Background. Because biscuits are a popular snack item and are consumed frequently by the younger population, fortification of biscuits with iron can be beneficial in preventing iron-deficiency anemia, which is widely prevalent in developing countries. Objective. To determine the bioavailability of iron from biscuits fortified with either ferrous sulfate or sodium iron ethylenediaminetetraacetic acid (NaFeEDTA) equivalent to 8.8 mg of iron per 100 g of flour in combination with either citric and tartaric acids at 60, 80, or 100 mg/100 g levels. Methods. The study involved analysis of physical characteristics, total and ionizable iron of biscuits, and sensory qualities. The ionizable iron value was used to calculate bioavailable iron. The biscuits were evaluated for sensory attributes by 30 panelists with the help of a scorecard specially developed for biscuits. Results. The amount of bioavailable iron in biscuits increased over that in controls by about 27% after the addition of ferrous sulfate and 83.8% after the addition of NaFeEDTA. The addition of citric acid (80 mg/100 g) along with ferrous sulfate increased bioavailability by about 104% over that in controls. The maximum increase was seen on addition of tartaric acid (100 mg/100 g). The amount of bioavailable iron increased by 117% after the addition of NaFeEDTA with 80 mg/100 g of citric acid and by 338% after the addition of NaFeEDTA with 100 mg/100 g of tartaric acid. Sensory evaluation tests indicated that NaFeEDTA-fortified biscuits were more acceptable than ferrous sulfate–fortified biscuits and that biscuits fortified with NaFeEDTA along with tartaric acid were similar to control biscuits in all sensory attributes. Conclusions. From both the subjective and the objective evaluation of biscuits, it can be concluded that the addition of NaFeEDTA along with either citric acid (80 mg/100 g) or tartaric acid (100 mg/100 g) results in improved iron bioavailability with an organoleptically acceptable product.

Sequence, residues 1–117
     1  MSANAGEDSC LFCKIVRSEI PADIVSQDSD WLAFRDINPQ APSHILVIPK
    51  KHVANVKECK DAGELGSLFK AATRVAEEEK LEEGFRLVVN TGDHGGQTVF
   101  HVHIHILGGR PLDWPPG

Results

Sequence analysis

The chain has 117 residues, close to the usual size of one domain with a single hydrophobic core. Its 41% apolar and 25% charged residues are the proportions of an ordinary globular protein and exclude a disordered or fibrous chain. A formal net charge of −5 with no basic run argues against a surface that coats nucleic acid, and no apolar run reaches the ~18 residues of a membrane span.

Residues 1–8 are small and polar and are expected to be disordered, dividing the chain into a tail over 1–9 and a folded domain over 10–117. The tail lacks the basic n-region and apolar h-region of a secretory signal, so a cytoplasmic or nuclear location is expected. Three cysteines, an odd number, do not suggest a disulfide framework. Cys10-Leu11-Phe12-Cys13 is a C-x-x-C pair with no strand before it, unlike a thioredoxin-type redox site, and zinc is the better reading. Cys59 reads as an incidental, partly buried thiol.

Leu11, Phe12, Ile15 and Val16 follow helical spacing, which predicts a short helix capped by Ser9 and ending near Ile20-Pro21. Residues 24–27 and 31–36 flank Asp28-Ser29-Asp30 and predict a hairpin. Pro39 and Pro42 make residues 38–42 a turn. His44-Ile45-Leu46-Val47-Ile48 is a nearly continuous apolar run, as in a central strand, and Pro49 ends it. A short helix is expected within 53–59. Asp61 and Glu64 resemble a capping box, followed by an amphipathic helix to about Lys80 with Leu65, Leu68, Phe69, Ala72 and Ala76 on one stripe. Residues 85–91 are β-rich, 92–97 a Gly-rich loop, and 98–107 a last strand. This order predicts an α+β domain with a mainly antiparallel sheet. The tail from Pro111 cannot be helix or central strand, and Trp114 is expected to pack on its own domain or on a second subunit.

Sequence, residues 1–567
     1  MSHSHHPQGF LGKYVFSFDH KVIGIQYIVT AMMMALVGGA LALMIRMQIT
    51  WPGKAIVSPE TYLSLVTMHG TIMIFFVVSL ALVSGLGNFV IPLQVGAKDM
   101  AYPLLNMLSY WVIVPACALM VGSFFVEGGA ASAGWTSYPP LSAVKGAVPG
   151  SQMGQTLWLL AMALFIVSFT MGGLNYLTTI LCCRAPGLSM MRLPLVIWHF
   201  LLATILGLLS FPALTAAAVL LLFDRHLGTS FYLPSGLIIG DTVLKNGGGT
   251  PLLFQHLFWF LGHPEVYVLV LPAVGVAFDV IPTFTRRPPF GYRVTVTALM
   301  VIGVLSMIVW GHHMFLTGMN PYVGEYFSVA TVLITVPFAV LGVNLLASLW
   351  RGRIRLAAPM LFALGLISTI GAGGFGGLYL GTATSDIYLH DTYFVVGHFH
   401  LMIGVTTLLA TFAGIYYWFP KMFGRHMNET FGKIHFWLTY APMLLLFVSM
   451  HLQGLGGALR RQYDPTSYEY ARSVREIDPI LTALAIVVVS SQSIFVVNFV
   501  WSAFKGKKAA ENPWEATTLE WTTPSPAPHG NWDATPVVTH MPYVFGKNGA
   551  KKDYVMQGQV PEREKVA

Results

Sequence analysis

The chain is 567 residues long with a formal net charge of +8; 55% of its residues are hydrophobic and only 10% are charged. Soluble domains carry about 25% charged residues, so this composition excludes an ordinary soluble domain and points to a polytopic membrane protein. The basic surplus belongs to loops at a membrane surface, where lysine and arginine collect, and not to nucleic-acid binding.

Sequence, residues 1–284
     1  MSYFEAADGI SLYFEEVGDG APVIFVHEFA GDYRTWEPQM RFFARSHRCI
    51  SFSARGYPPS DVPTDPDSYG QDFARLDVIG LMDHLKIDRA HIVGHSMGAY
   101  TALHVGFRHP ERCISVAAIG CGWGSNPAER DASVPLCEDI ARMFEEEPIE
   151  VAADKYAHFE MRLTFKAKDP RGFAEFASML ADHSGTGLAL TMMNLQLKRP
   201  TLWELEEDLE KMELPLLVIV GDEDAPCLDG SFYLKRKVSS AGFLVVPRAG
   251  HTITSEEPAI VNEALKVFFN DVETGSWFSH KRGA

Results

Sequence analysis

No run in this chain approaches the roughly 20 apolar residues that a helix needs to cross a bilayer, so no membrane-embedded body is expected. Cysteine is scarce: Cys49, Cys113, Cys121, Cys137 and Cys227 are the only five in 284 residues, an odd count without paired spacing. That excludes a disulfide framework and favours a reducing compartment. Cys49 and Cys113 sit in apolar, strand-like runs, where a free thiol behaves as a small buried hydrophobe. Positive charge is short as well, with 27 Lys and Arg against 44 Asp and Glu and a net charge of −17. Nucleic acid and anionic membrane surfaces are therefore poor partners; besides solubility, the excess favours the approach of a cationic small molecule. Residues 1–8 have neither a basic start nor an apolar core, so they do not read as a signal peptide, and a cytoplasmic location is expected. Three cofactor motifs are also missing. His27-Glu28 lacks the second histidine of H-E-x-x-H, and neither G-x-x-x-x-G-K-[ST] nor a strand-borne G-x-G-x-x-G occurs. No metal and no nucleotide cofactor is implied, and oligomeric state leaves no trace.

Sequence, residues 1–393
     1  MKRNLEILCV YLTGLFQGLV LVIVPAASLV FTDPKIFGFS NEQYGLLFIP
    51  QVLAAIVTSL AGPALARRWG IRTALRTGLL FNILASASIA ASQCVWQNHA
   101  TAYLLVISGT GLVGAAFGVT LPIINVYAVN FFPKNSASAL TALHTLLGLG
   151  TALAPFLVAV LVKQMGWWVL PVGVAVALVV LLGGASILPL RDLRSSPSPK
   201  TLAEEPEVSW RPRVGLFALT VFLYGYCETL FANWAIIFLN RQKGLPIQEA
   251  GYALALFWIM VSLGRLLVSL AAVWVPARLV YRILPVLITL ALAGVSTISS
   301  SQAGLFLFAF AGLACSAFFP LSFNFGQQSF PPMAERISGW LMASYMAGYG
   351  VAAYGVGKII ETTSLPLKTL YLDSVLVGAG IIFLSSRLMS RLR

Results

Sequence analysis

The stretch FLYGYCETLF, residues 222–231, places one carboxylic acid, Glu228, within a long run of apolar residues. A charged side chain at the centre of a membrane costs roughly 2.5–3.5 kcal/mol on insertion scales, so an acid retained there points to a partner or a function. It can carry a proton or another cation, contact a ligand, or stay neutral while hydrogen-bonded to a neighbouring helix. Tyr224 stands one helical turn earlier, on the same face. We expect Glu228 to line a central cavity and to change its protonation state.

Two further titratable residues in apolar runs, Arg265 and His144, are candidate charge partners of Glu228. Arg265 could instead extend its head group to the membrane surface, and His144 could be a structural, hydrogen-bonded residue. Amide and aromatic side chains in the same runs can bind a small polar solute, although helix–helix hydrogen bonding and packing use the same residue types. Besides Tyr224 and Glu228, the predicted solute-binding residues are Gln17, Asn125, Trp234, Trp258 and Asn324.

Established in 1978, the Food and Nutrition Bulletin (FNB) is a peer-reviewed journal published quarterly by the Nevin Scrimshaw International Nutrition Foundation. The focus of the journal is to highlight original scientific articles on nutrition research, policy analyses, and state-of-the-art summaries relating to multidisciplinary efforts to alleviate the problems of hunger and malnutrition in the developing world.
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